over 5 years ago
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Spinal surgery: Right on target

New software helps improve surgical...  
medicalnewstoday.com
over 5 years ago
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Computer program may be able to identify missing children as they age

A University of Central Florida research team has developed a facial recognition tool that promises to be useful in rapidly matching pictures of children with their biological parents and in...  
medicalnewstoday.com
over 5 years ago
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Action video games may help people with dyslexia learn to read

In addition to their trouble with reading, people with dyslexia also have greater difficulty than typical readers do when it comes to managing competing sensory cues, according to a study...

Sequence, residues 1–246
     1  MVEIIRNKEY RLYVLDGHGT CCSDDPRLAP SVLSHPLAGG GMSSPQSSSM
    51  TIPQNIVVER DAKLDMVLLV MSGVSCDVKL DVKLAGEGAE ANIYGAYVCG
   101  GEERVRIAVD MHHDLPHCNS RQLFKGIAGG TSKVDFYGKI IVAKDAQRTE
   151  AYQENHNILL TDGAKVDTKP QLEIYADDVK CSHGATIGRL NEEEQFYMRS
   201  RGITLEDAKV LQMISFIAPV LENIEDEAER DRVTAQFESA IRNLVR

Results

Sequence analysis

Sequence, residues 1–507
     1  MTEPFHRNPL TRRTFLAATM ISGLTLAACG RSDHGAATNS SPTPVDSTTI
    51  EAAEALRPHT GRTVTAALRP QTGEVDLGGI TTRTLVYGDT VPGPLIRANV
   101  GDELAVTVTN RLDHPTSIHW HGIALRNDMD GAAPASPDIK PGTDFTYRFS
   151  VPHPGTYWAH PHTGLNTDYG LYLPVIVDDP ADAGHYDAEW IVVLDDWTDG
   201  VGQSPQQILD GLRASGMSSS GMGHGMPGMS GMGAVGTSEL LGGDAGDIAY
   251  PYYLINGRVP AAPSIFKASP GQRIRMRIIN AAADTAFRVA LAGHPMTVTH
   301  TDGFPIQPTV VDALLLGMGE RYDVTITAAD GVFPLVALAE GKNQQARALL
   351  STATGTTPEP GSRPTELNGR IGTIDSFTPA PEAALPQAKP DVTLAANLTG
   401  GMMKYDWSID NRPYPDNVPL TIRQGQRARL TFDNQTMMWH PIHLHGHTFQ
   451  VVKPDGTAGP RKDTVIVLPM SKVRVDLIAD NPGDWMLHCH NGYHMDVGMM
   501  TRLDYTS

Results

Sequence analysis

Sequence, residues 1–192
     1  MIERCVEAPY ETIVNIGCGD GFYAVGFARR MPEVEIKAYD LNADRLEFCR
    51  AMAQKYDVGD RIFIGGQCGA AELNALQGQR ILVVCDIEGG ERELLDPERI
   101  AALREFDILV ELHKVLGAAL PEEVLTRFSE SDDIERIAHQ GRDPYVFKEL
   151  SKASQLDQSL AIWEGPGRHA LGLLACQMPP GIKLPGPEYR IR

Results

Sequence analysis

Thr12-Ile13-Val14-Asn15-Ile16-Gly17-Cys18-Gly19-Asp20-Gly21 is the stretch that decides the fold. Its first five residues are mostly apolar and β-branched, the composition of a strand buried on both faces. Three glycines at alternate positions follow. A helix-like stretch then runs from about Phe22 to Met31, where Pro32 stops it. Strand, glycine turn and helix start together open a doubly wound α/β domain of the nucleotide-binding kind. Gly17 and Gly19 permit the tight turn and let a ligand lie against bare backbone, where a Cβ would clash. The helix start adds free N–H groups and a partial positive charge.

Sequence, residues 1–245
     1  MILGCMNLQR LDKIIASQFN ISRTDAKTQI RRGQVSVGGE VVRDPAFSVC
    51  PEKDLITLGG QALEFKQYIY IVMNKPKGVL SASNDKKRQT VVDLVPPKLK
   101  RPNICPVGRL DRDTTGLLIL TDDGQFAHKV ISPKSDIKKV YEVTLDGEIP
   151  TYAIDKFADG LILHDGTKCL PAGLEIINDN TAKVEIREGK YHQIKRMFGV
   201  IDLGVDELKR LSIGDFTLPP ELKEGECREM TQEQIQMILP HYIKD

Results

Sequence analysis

medicalnewstoday.com
over 5 years ago
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'Virtual nose' may reduce simulator sickness in video games

Virtual reality games often cause simulator sickness - inducing vertigo and sometimes nausea - but new research findings point to a potential strategy to ease the affliction.  
medicalnewstoday.com
over 5 years ago
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Video games can power up from merely fun to meaningful experiences

It may be game over for critics who claim that video games are nothing more than a fun diversion.  
medicalnewstoday.com
over 5 years ago
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How rocket science may improve kidney dialysis